The purpose of the Center for Medicinal Cannabis Research is to coordinate rigorous scientific studies to assess the safety and efficacy of cannabis and cannabis compounds for treating medical conditions.

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CMCR recipient of Major Philanthropic Award

Autism is a complex neurodevelopmental disorder that affects an estimated 1 in 68 children in the United States, yet treatment options are limited. Could cannabidiol (CBD), a non-psychoactive compound found in cannabis, hold clues for developing effective therapies? Thanks to a major gift from the Ray and Tye Noorda Foundation, researchers at the University of California San Diego will embark on a multidisciplinary study to investigate the potential of cannabidiol as a treatment for severe autism. The award was given in partnership with and based on recommendations the Noorda Foundation received from the Wholistic Research and Education Foundation.

The $4.7 million gift to the Center for Medicinal Cannabis Research (CMCR) at UC San Diego School of Medicine is the largest private gift to date for medicinal cannabis research in the United States. The funding will support translational research to investigate whether medicinal cannabinoid therapies can alleviate symptoms in children with severe autism—and if so, how. The groundbreaking study spans clinical, basic science, advanced mathematics and genetic techniques across the same cohort of patients, offering a comprehensive and systematic exploration of CBD efficacy on autism.

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Grant awarded to UC San Diego for cannabis/autism research

Pamela Jayne, San Diego CityBeat, June 12, 2018

A $4.7 million grant provided by The Ray and Tye Noorda Foundation, in partnership with the Wholistic Research and Education Foundation, will allow researchers at the UC San Diego (UCSD) Center for Medicinal Cannabis Research to conduct a multidisciplinary study of the effects of cannabidiol (CBD) on autism.

Researchers believe that CBD may affect the central nervous system in a way that could be relevant to autism, including correcting imbalances in certain neurotransmitters, enhancing activity of endocannabinoids (neurotransmitters that modulate mood, memory and a variety of cognitive processes), modifying neural network signaling and protecting against neuro-inflammation. The three goals of the study are to determine if CBD is safe and tolerable and whether it helps with the symptoms of Autism Spectrum Disorder (ASD), whether and how CBD alters neurotransmitters and/or improves brain connectivity, and whether biomarkers of neuro-inflammation, also associated with ASD, are altered by CBD.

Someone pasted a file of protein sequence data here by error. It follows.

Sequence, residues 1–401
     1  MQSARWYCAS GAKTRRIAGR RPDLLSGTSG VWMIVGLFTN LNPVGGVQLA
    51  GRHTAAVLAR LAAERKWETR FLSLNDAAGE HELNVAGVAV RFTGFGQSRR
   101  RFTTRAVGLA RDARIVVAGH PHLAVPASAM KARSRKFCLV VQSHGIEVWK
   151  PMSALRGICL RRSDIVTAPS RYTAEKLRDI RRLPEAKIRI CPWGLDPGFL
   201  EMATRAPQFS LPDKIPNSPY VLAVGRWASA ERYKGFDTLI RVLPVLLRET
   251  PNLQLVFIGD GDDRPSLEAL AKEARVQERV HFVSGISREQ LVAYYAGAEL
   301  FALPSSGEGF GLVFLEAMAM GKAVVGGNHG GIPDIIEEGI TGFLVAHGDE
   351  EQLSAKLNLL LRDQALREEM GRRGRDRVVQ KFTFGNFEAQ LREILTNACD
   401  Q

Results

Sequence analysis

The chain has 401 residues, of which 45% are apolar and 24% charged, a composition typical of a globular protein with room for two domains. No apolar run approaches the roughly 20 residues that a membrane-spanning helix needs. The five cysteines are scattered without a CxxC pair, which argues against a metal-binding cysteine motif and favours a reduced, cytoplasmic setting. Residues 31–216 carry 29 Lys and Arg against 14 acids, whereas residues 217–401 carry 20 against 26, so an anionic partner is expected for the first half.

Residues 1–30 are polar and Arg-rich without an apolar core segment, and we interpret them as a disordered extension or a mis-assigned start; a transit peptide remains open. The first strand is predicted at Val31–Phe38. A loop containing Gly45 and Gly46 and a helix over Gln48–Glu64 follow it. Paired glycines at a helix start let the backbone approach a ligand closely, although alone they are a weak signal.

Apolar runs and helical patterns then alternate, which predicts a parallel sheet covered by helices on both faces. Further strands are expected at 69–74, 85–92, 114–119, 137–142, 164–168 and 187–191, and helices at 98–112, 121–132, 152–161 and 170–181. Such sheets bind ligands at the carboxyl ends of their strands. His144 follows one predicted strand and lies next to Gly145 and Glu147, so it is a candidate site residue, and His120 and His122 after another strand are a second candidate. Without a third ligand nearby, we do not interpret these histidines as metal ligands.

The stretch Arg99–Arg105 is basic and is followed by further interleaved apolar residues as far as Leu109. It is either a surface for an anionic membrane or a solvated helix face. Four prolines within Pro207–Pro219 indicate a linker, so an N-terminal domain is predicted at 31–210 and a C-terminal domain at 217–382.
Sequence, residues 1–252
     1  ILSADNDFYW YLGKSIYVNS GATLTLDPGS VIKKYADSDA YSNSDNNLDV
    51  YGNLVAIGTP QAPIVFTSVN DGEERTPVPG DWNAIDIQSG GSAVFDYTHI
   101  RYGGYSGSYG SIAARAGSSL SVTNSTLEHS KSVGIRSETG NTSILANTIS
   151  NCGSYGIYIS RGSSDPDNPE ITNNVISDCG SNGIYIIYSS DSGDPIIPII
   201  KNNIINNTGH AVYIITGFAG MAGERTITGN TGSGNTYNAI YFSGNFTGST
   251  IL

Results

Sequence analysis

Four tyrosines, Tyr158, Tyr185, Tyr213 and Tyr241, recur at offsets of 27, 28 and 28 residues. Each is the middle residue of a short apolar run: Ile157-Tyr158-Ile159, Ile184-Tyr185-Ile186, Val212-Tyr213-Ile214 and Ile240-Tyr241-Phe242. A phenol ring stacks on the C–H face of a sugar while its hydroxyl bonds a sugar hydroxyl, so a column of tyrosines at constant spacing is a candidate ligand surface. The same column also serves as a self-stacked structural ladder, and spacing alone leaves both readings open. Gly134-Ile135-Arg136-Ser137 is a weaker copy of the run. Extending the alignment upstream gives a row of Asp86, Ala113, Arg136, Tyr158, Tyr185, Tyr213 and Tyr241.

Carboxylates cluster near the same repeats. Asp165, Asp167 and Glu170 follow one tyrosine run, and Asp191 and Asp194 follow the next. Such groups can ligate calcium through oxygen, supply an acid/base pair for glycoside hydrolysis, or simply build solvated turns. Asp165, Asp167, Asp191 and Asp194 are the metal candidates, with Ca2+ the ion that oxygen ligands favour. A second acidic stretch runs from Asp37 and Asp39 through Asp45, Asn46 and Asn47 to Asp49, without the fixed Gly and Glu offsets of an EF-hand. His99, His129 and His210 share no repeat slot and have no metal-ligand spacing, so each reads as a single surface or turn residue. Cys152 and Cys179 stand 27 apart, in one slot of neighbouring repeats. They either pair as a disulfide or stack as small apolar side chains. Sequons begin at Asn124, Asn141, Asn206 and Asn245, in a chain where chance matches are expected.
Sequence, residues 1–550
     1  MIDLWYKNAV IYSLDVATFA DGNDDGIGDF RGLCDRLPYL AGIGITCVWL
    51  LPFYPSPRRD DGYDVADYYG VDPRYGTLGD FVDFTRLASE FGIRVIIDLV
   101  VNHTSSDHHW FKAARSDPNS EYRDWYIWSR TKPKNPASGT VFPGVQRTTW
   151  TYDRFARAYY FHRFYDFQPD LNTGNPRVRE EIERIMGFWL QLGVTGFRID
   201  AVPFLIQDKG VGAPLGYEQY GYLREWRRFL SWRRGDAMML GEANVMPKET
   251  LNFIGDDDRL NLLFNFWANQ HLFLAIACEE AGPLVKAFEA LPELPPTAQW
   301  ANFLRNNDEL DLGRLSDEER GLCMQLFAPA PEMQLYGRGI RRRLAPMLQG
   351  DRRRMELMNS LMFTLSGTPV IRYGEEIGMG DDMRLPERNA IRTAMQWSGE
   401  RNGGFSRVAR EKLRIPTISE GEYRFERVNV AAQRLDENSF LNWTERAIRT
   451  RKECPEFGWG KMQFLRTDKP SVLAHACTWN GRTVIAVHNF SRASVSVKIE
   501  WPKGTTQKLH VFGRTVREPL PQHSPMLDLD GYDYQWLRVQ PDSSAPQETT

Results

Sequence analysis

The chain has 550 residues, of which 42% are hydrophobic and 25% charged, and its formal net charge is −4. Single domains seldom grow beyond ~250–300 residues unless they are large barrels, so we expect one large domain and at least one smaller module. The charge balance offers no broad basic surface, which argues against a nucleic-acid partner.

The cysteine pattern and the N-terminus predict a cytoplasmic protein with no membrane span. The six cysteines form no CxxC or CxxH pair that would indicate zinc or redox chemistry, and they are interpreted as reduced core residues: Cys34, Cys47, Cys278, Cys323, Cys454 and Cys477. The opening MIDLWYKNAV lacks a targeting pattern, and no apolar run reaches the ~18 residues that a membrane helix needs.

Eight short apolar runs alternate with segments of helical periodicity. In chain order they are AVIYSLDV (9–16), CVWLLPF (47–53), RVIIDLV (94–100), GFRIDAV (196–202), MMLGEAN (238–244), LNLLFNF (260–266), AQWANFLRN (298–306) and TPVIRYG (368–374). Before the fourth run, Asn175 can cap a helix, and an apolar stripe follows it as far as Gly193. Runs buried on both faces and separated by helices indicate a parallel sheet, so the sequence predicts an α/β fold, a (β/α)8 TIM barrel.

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Where Most Donors Fear to Tread: A Gift for the Nascent Field of Cannabis Research

Mike Scutari, Inside Philanthropy, June 6, 2018

The North American cannabis industry took in approximately $9 billion in sales in 2017, according to Tom Adams, managing director of BDS Analytics.

This figure—calculated before California opened its huge retail market—is equivalent to the entire snack bar industry. Looking ahead, analysts predict the North American market to grow to $47.3 billion within a decade.

The takeaway here is pretty clear. Private investors, businesses and select state legislatures are all-in on legal cannabis. But where does philanthropy fit in?

It's an important question to ask after UC San Diego received $4.7 million for medical cannabis research from the Ray and Tye Noorda Foundation. The funding will support the "first-of-its-kind, multi-disciplinary research on autism spectrum disorders" at the Center for Medicinal Cannabis Research at UC San Diego School of Medicine (UCSD).

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They Let Their 15-Year-Old Son Smoke Pot to Stop His Seizures. Georgia Took Him Away.

Daniel Victor, New York Times, May 30, 2018

The pharmaceuticals weren’t working. The 15-year-old boy was having several seizures per day, and his parents were concerned his life was in danger.

So Suzeanna and Matthew Brill, of Macon, Ga., decided in February to let their son try smoking marijuana — and his seizures stopped for 71 days, they say.

But Georgia is not among the states that have legalized medical marijuana, and the Brills’ decision led to the boy, David, being taken away from his parents, who face possible fines and jail time after being charged with reckless conduct for giving him the drug.

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More News

Click here to access the CMCR news archives.

Igor Grant, MD

Presentation before the Medical Board of California
(April 2018)


Thomas Marcotte, PhD

Presentation before the Canadian House of Commons
(September 2017)


Igor Grant, MD

UC San Diego Department of Psychiatry Grand Rounds: Medicinal Cannabis
(July 2017)




Barth Wilsey, MD

Marijuana and Cannabinoids: A Neuroscience Research Summit;
Bethesda, MD (March 2016)



THE PSYCHIATRIC AND NEUROCOGNITIVE EFFECTS OF CANNABIS
(PDF)

Igor Grant, MD, FRCP(C) American Association for the Advancement of Science Annual Meeting

McGill University Health Centre - Research Institute
(February 2015)



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